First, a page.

aligned: https://data.nextstrain.org/files/ncov/open/reference/aligned.fasta.xz
  - name: custom_data
    metadata: data/idaho.metadata.tsv
    sequences: data/idaho.sequences.fasta
  - name: background_data
    metadata: https://data.nextstrain.org/files/ncov/open/north-america/metadata.tsv.xz
    aligned: https://data.nextstrain.org/files/ncov/open/north-america/aligned.fasta.xz

refine:
  root: "Wuhan-Hu-1/2019"

builds:
  idaho:
    title: "Idaho-specific genomic surveillance build"
    subsampling_scheme: idaho_scheme
    auspice_config: ncov-tutorial/auspice-config-custom-data.json

subsampling:
  idaho_scheme:
    custom_sample:
      query: --query "(custom_data == 'yes')"
      max_sequences: 50
    usa_context:
      query: --query "(custom_data != 'yes') & (country == 'USA')"
      max_sequences: 10
      group_by: division year month
      priorities:
        type: proximity
        focus: custom_sample
    global_context:
      query: --query "(custom_data != 'yes')"
      max_sequences: 10
      priorities:
        type: proximity
        focus: custom_sample

This configuration file is similar to the previous file. Differences are outlined below, broken down per configuration section.

inputs

  1. The file paths in the second input are changed to idaho.metadata.tsv and idaho.sequences.fasta.

  2. There is an additional input background_data for a regional North America dataset built by the Nextstrain team, for additional context.

builds

The output dataset is renamed idaho, representative of the new custom data in the second input.

  1. The title is updated.

  2. There is a new entry subsampling_scheme: idaho_scheme. This is described in the following section.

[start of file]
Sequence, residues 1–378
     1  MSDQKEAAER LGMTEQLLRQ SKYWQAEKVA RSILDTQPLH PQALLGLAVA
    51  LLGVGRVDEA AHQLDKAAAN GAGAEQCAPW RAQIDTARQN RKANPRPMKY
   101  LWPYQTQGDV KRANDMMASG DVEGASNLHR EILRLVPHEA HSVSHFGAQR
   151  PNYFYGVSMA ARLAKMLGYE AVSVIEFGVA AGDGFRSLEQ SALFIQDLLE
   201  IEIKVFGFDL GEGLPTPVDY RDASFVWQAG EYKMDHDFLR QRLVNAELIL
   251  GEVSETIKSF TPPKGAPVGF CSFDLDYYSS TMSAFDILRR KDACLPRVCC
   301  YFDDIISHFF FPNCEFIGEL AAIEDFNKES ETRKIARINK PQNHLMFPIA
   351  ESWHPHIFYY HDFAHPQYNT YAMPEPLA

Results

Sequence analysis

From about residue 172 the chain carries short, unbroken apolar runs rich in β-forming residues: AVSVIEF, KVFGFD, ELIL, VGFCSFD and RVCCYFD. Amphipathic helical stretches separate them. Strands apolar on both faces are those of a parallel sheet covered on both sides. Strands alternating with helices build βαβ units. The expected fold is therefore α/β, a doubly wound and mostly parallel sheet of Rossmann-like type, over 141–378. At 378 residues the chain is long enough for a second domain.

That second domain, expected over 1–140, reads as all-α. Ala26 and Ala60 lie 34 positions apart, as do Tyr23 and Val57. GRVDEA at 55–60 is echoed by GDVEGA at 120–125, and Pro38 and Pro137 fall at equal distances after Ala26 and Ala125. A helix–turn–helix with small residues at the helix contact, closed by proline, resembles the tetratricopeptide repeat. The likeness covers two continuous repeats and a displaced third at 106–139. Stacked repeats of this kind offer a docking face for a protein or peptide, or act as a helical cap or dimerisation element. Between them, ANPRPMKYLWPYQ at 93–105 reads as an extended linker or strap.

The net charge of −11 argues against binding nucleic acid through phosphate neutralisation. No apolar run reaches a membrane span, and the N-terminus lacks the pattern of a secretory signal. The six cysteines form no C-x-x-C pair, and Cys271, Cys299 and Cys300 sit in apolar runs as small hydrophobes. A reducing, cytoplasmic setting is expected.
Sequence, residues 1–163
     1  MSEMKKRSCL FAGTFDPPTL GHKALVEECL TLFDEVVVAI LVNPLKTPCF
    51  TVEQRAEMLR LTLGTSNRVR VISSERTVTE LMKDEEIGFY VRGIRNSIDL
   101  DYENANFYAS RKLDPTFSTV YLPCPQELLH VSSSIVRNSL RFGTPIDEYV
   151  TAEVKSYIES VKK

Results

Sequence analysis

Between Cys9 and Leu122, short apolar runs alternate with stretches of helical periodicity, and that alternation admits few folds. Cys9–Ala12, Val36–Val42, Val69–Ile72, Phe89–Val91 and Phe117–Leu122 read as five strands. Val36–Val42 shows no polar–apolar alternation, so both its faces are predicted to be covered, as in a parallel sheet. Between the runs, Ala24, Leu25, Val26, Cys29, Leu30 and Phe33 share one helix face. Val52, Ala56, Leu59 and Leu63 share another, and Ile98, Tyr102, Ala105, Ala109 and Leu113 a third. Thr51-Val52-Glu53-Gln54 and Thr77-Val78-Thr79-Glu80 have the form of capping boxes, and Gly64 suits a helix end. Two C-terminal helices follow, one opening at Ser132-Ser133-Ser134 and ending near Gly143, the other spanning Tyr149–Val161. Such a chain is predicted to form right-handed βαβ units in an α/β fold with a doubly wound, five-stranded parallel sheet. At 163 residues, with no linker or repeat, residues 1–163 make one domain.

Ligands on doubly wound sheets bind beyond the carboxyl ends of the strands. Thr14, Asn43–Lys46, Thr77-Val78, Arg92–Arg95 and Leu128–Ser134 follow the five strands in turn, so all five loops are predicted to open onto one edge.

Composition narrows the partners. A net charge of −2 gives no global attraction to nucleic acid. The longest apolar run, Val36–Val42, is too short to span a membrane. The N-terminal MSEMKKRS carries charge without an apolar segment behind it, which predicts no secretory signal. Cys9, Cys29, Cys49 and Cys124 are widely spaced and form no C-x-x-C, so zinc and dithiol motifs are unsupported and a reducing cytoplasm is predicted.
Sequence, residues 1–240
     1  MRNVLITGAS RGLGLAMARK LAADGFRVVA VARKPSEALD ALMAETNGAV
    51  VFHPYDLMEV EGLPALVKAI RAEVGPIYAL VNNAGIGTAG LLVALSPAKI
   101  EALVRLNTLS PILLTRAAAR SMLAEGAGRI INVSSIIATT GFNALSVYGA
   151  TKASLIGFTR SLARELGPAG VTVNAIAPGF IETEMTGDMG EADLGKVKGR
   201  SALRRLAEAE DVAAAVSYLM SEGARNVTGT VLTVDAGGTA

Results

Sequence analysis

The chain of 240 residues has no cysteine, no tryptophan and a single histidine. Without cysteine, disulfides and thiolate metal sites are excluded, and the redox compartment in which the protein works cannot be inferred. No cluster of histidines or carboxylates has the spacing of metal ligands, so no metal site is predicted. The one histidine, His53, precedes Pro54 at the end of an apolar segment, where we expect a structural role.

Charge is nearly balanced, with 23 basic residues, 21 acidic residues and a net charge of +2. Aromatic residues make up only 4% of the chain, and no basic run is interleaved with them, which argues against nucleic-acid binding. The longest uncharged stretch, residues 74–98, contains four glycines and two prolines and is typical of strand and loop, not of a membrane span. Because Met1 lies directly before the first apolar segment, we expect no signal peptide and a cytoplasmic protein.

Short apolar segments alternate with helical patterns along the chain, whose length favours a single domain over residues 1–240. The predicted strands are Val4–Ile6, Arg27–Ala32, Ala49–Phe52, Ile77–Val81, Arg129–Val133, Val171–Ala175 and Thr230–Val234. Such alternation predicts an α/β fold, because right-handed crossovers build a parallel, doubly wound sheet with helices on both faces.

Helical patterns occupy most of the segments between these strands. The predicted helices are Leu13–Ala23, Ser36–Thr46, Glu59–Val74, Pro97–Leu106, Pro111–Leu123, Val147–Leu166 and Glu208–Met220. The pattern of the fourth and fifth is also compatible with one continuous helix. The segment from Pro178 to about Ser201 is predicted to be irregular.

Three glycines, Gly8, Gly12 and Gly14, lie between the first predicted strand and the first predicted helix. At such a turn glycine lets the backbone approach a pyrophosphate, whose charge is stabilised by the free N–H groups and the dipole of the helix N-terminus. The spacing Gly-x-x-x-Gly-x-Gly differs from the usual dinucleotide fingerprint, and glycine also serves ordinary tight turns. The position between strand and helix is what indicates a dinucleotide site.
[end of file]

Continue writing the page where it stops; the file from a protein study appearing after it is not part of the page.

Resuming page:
subsampling

This is a new section that provides a subsampling scheme idaho_scheme consisting of three subsamples. Without this, the output dataset would use all the provided data, which in this case is thousands of sequences that are often disproportionally representative of the underlying population.

  1. custom_sample

    • This selects at most 50 sequences from the custom_data input.

  2. usa_context

    • This selects at most 10 sequences from the USA from the background_data and reference_data inputs.

    • Sequences are subsampled evenly across all combinations of division, year, month, with sequences genetically similar to custom_sample prioritized over other sequences.

  3. global_context

    • This selects at most 10 sequences outside the USA from the background_data and reference_data inputs.

    • As with the usa_context above, this rule prioritizes sequences for the global context that are genetically similar to sequences in the custom_sample.

Visualize the results

Run this command to start the Auspice server, providing auspice/ as the directory containing output dataset files:

nextstrain view auspice/

Navigate to http://127.0.0.1:4000/ncov/idaho. The resulting dataset should show the recent Idaho sequences against a backdrop of historical sequences:

Phylogenetic tree from the "genomic surveillance" tutorial as visualized in Auspice